Exercise training reverses adiponectin resistance in skeletal muscle of patients with chronic heart failure
Faculty of Medicine and Health Sciences
Faculty of Pharmaceutical, Biomedical and Veterinary Sciences . Biomedical Sciences
Heart : official journal of the British Cardiac Society / British Cardiac Society. - London
, p. 1403-1409
University of Antwerp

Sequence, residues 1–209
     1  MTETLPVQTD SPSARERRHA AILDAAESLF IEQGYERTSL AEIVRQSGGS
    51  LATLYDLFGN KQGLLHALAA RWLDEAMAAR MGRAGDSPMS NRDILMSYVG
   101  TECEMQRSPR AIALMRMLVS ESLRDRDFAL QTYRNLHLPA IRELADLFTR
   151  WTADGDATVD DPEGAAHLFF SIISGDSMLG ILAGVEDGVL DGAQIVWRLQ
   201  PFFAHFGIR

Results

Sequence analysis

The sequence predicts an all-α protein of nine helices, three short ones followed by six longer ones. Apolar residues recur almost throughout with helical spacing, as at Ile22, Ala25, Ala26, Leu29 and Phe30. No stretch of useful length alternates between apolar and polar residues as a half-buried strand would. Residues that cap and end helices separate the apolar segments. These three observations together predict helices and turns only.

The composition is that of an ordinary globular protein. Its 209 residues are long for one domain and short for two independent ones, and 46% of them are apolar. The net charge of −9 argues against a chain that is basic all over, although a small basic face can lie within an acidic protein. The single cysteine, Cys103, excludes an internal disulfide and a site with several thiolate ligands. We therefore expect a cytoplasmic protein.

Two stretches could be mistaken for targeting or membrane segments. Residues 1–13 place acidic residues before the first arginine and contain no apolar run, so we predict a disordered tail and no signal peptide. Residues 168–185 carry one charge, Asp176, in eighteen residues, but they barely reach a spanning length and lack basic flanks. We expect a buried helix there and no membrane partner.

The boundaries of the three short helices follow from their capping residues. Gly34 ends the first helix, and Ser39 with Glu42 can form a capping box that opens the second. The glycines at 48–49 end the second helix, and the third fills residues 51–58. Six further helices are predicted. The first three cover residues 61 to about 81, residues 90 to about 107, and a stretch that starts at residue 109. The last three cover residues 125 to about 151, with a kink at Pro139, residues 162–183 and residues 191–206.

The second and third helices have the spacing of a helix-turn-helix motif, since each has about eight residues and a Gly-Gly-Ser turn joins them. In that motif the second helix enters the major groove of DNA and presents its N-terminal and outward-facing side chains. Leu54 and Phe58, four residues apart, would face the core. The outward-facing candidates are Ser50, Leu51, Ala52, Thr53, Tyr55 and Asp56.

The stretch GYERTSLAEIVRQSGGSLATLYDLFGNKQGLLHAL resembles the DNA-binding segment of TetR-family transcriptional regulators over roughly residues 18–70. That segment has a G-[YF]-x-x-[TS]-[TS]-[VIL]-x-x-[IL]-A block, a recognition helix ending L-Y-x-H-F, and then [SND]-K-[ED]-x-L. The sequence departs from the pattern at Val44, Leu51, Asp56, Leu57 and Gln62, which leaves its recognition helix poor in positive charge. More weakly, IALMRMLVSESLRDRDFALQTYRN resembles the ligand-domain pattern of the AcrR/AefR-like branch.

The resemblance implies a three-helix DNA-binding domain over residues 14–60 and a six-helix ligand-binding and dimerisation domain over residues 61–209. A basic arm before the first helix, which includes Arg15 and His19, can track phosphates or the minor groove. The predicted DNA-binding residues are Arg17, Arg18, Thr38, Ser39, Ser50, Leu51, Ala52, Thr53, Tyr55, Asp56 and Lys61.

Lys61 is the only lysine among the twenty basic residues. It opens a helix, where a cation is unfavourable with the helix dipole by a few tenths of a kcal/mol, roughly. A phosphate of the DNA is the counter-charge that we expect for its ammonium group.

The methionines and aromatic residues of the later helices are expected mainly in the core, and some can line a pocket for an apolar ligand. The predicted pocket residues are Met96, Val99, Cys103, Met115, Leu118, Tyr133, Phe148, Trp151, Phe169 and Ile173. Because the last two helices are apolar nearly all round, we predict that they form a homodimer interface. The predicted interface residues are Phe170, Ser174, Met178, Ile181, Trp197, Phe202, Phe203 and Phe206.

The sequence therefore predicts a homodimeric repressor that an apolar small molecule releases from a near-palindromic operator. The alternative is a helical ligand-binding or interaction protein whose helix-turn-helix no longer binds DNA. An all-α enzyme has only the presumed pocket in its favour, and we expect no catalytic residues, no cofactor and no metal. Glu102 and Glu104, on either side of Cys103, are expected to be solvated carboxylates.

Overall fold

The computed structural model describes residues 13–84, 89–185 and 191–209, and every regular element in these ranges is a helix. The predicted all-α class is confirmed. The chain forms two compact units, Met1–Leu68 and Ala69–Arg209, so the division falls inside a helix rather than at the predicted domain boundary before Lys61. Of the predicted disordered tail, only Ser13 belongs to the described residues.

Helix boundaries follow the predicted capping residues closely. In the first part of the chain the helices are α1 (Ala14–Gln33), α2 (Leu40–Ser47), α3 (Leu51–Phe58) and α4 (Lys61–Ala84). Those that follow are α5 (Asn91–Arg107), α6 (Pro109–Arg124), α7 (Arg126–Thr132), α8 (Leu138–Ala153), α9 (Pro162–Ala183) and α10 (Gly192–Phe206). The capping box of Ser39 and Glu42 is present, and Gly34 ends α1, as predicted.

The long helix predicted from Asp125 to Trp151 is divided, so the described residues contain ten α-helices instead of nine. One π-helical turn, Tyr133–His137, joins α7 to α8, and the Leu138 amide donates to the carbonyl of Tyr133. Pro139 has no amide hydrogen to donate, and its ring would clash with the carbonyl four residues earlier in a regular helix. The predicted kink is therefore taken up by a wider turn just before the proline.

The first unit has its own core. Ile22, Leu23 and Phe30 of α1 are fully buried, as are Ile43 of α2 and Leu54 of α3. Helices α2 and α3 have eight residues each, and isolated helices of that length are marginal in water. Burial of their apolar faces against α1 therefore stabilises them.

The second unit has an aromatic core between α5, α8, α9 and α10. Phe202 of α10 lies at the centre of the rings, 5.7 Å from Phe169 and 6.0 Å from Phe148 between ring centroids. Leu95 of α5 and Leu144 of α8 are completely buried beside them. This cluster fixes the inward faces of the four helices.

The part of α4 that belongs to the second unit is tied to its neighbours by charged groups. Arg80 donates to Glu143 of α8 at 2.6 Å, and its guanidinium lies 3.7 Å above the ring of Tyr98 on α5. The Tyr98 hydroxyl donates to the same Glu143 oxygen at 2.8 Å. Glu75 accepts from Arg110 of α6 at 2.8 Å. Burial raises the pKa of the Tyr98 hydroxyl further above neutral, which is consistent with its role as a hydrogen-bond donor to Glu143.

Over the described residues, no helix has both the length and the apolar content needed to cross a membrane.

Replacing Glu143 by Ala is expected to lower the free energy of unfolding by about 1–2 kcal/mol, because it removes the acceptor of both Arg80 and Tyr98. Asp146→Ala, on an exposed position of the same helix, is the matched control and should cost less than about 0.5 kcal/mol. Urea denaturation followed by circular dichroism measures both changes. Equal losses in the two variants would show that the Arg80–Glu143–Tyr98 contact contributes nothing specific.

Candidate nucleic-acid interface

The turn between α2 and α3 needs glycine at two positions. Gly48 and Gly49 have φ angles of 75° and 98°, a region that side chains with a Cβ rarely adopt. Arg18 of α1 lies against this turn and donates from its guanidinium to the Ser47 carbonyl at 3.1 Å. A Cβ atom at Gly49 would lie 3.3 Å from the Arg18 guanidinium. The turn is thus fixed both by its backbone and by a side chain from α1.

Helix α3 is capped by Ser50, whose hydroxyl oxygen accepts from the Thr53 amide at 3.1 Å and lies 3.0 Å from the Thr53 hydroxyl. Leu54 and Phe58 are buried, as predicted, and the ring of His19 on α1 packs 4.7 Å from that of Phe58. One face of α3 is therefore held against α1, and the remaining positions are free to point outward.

Background Resistance to the insulin-sensitising adipocytokine, adiponectin, has been described at the level of the skeletal muscle in patients with chronic heart failure (CHF). Objective To investigate whether exercise training (ET) would improve skeletal muscle energy metabolism and adiponectin signalling. Methods In a prospective cohort study, patients with CHF were recruited from the Cardiac Rehabilitation Centre, Antwerp University Hospital. They underwent 4 months' combined enduranceresistance ET. Skeletal muscle mRNA and protein expression of adiponectin, AdipoR1 and downstream metabolic genes were measured. Results Adiponectin mRNA expression in the nine CHF patients was higher than that in 10 matched healthy subjects (p=0.007), whereas AdipoR1 and downstream-located genes involved in lipid (PPAR-α, ACADM) and glucose metabolism (AMPK, hexokinase2) were down-regulated. Skeletal muscle AdipoR1 correlated with VO2 peak (r=0.900; p=0.001), maximal workload (r=0.753; p=0.019) and steady state workload (r=0.928; p<0.001). ET increased maximal workload and muscle strength. In addition, ET lowered adiponectin mRNA expression (p=0.017), whereas the expression of AdipoR1 (p=0.011) and downstream metabolic genes was increased to levels comparable to those in healthy subjects. ELISA confirmed the normalisation of skeletal muscle adiponectin expression at the protein level (p=0.047). Conclusion At the level of the skeletal muscle, CHF patients are characterised by increased adiponectin expression and decreased expression of AdipoR1 and downstream metabolic genes. ET normalises the mRNA expression of adiponectin and AdipoR1 and reverses disorders in lipid and glucose metabolism in skeletal muscle. These alterations in metabolic gene expression may help to understand the beneficial effects of ET in CHF.